If this seems extremely abstract, it is. Logic has always straddled the line between philosophy and mathematics, attempting to reason about the way we can reason, and getting at fundamental ideas about what truth is and how to be sure we know things. While fascinating, propositional logic and Boolean algebra initially belonged strictly to the realm of pure mathematics, with fewer applications than a branch of maths like differential equations and calculus, which are at the foundation of our understanding of physics.

Remarkably, about a century after Boole’s initial investigations, mathematicians and scientists discovered an extremely powerful set of applications for formal logic, and now this apparently abstract mathematical and logical tool is at the heart of the global economy.

Boolean algebra — taking true and false values, manipulating them according to logical rules, and coming up with appropriate true and false results — is the fundamental basis of the modern digital computer.

One of the first major applications of Boolean algebra came from the 1937 master’s thesis of Claude Shannon, one of the most important mathematicians and engineers of the 20th century. Shannon realised that switches in relay networks, like in a telephone network, or an early proto-computer, could be easily described by viewing “on” switches has having a Boolean value of “true”, “off” switches as having a Boolean value of “false”, and with the different patterns in which switches are connected to each other corresponding to the Boolean operations of “and”, “or”, and “not”.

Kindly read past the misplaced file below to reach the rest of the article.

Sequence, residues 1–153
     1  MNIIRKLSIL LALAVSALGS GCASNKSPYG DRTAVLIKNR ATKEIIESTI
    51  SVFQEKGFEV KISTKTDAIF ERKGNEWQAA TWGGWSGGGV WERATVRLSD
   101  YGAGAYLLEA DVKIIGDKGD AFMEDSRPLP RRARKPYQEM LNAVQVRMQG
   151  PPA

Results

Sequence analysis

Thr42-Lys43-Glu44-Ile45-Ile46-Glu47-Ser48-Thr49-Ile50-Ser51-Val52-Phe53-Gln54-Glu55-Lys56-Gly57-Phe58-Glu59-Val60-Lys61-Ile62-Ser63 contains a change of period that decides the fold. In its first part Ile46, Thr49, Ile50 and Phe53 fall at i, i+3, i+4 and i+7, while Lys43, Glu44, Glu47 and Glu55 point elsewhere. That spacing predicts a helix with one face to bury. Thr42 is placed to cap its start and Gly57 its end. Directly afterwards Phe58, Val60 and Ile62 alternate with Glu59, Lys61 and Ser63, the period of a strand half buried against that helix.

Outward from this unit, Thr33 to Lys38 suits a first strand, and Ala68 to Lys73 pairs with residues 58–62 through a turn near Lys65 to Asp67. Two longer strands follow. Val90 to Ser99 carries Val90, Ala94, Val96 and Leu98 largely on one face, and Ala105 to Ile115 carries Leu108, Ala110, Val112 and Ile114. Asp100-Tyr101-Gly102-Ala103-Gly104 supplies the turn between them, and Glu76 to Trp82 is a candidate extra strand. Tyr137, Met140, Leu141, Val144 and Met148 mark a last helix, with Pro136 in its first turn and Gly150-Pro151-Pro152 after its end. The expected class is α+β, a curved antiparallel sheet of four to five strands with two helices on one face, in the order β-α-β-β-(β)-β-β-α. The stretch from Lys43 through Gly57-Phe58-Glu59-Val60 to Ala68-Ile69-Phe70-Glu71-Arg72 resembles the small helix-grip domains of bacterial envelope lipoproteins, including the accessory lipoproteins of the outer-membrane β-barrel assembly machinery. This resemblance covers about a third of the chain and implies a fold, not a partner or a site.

Shannon’s innovation made the design of switch networks vastly easier: rather than needing to actually play around with network connections themselves, the techniques developed by Boole and his successors provided a mathematical framework allowing for more efficient network layouts.

The connection between electrical switches and boolean algebra goes in the other direction as well. A computer’s CPU is largely built out of logic gates: physical manifestations of Boolean operators. Logic gates take in one or more electrical Boolean values: a wire with a high voltage might represent “true”, and a wire with a low voltage might represent “false”. The output of the logic gate, calculated using the electronic properties of semiconductors, is the appropriate voltage from the desired Boolean operation.

An “and” gate, for example, takes in two inputs. If both inputs are high voltage (representing “true”), the “and” gate has a high voltage output of “true” as well, while if either or both inputs are low voltage, or false, the gate will have a low voltage output of false.

Putting these gates together in the right ways allows for the execution of computer programs. Being able to perform Boolean operations on various inputs essentially allows a CPU to decide how to handle those inputs.

Further, this Boolean algebra embedded in computers comes back around to normal maths. The Boolean dichotomy of true vs. false lends itself nicely to the representation of binary numbers: true corresponds to 1, and false maps to 0. Under this interpretation, it’s possible to assemble Boolean circuits that, simply by correctly combining two binary input numbers using and, or, and not operations, can add, subtract, multiply, or divide numbers.

Sometimes, developments in pure maths can, decades or centuries later, turn out to have amazing applications.